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What Causes Sleep Paralysis

Triggers Include Sleep Deprivation, Sleeping on Back

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Updated May 16, 2014

Written or reviewed by a board-certified physician. See About.com's Medical Review Board.

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Sleep paralysis is a relatively common experience, but what causes it? Are there things you can do to avoid having sleep paralysis? What are some of the unscientific explanations of the phenomenon?

The causes of sleep paralysis are surprisingly mundane, despite the elaborate explanations given by some people.

Understanding the Causes of Sleep Paralysis

It is estimated that one in three people will experience sleep paralysis at some point in their lives. To better understand what sleep paralysis is, imagine there are two states of consciousness: being asleep and being awake. There is normally a transition period between these states. Elements of consciousness may be preserved - such as an awareness of your environment - while aspects of sleep may begin (such as dreaming). Typically, this transition is brief and uneventful. However, a prolonged or disrupted transition may predispose you to the unusual experiences of sleep paralysis.

In particular, sleep paralysis is believed to relate to a problem regulating rapid eye movement (REM) sleep. It is during REM that our body is paralyzed, so that we are unable to act dreams out. This muscle relaxation, called atonia, may sometimes occur while you are awake. As such, you will be unable to move, even if you are conscious. This is one of the common features of sleep paralysis.

Clearly there are certain triggers of sleep paralysis. It often occurs during periods of sleep deprivation and stress. Many people experience it when their sleep schedule is disrupted, no matter the reason.

Those with shift work sleep disorder may be at increased risk. In addition, it is possible to trigger sleep paralysis experimentally by disrupting REM. There also appears to be a strong association with anxiety and depressive disorders. The use of alcohol or other drugs may also provoke an attack of sleep paralysis. For some people, a family history of sleep paralysis becomes evident, though a genetic cause of the condition is not known.

Most people with sleep paralysis report that it occurs when they are sleeping on their backs (a supine sleeping position). However, less frequently, others have reported it occurring when sleeping on their stomachs or sides as well. The vast majority of people suggest that sleep paralysis happens while falling to sleep (a hypnagogic phenomenon), yet it can also occur when awakening from sleep. It typically occurs at night, but it has also been known to occur during daytime naps.

How to Avoid Sleep Paralysis

If these are some of the causes of sleep paralysis, how can you avoid it? Perhaps the most important thing you can do is to follow the better sleep guidelines. It is necessary to keep a regular sleep schedule, ensure that you get adequate sleep and avoid any of the above triggers that you have identified as being important for you.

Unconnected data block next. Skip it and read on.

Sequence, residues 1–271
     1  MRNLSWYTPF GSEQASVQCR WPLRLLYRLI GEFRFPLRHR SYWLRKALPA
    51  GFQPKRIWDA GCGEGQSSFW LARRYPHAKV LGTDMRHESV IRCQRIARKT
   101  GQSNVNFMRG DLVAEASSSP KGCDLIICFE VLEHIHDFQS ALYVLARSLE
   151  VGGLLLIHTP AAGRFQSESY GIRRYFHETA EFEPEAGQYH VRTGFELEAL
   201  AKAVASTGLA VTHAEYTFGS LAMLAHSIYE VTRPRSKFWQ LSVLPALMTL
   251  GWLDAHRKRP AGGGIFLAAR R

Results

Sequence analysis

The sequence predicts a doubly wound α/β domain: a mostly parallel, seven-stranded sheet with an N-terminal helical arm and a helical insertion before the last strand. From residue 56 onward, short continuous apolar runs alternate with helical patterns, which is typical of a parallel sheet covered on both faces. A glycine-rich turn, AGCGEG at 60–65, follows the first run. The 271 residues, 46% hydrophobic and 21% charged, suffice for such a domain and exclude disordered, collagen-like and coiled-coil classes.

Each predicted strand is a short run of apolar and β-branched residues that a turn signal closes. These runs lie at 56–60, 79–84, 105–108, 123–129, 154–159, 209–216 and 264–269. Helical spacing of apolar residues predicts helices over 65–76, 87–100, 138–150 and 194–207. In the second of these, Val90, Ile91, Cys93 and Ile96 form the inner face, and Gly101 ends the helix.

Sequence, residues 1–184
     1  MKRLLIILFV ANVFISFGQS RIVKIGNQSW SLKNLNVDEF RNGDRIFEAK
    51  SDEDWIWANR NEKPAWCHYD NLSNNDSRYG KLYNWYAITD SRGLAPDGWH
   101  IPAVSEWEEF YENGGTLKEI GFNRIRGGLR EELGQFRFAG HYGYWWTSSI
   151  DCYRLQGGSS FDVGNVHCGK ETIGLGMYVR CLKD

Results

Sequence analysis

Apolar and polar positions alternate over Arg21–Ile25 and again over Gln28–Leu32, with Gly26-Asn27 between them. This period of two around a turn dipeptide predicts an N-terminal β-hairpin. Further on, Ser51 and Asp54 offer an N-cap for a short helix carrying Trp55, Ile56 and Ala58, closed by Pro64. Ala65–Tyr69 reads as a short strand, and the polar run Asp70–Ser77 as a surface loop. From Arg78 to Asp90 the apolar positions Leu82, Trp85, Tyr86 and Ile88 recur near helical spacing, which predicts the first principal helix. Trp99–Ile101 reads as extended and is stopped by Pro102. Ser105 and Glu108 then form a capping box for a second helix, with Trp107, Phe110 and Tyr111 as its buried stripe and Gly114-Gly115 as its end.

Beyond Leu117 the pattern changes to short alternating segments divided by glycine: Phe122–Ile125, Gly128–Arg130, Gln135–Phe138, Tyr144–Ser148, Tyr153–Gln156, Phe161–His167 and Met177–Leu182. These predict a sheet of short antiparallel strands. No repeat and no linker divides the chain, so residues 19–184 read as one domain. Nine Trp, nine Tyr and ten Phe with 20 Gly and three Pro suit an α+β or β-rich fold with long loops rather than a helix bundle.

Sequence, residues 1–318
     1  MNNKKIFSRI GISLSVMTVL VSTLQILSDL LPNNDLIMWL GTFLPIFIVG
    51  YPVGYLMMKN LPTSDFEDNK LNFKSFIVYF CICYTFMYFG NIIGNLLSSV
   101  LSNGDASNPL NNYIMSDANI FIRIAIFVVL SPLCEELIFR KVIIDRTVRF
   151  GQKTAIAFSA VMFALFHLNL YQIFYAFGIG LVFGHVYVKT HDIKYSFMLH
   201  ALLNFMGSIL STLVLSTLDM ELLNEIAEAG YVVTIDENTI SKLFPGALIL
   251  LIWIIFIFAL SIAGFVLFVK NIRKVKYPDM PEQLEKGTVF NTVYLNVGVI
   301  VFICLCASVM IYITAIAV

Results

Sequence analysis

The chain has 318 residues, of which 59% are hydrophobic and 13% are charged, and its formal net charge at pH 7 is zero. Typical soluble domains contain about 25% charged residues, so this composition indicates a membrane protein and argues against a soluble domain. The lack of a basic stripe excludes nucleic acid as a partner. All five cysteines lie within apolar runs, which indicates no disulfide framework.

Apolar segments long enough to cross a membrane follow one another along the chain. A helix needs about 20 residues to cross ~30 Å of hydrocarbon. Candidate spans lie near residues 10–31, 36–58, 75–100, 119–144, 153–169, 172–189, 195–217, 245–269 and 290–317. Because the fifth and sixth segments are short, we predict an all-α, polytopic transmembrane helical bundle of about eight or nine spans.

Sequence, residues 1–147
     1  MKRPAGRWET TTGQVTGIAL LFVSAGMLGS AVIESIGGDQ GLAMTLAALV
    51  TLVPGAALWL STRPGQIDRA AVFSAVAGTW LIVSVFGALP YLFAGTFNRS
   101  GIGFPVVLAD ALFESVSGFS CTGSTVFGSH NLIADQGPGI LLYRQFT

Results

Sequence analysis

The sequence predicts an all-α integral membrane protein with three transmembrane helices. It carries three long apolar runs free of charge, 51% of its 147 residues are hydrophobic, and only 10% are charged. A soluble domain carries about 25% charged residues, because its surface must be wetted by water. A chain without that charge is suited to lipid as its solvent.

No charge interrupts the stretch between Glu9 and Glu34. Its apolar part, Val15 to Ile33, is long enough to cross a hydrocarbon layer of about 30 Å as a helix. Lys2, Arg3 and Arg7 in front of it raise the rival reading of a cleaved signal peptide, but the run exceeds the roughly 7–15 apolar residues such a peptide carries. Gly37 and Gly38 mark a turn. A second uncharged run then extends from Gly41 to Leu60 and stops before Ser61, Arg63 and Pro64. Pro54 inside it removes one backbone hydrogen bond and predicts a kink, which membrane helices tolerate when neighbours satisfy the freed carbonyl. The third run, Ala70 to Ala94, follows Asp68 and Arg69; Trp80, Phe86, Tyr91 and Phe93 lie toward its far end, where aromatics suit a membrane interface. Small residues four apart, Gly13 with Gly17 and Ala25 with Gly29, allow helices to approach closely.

For most people, sleep paralysis occurs rarely, but if it occurs more frequently and you find it particularly bothersome, you may wish to speak to your doctor. With a few other symptoms, it might be the sleep disorder narcolepsy. Even if your sleep paralysis occurs in isolation, if it has become disruptive to your life, treatment options are available.

Unscientific Explanations of Sleep Paralysis

Sleep paralysis has occurred throughout recorded history, and there are countless examples in literature and art of the phenomenon. In some parts of the world, the condition is called the "old hag."

Many people describe the experience in religious terms. Some might blame a ghost, demon or devil as the cause. The terrifying elements of sleep paralysis are easily ascribed to a malevolent presence. Others suggest it is due to aliens. There is no scientific evidence for such beliefs.

Others worry that another medical or mental-health problem may be to blame. The list of potential medical maladies that might explain the experience of sleep paralysis is diverse, ranging from seizures to heart attacks to strokes. Some even think they have died. Still other people worry that they have gone insane and do not discuss it because they are worried how others might react to their experience. The episode of sleep paralysis is self-limited without lasting consequences, and so these explanations are proven to be false.

Finally, some people worry that sleep paralysis is just a dream or nightmare. This may actually be the closest to the truth. As described above, sleep paralysis occurs when there is a breakdown between the states of consciousness and sleep, when our dream state intrudes upon our wakefulness.

Fortunately, many people are reassured by a better understanding of the phenomenon of sleep paralysis, so that if it recurs they know how to interpret the experience and can more easily tolerate it until it inevitably ends.

Sources:

Kryger, M.H. et al. "Principles and Practice of Sleep Medicine." ExpertConsult, 5th edition, 2011.

McCarty, D.E. et al. "A case of sleep paralysis with hypnopompic hallucinations." Journal of Clinical Sleep Medicine. 2009;5(1):83-84.

Morton, K. "Paralyzed at Night: Is Sleep Paralysis Normal?" Stanford Sleep & Dreams. 2010.

Takeuchi, T. et al. "Isolated sleep paralysis elicited by sleep interruption." Sleep. 1992;15:217-225.

Takeuchi, T. et al. "Factors related to the occurrence of isolated sleep paralysis elicited during a multiphasic sleep-wake schedule." Sleep 2002;25:89-96.

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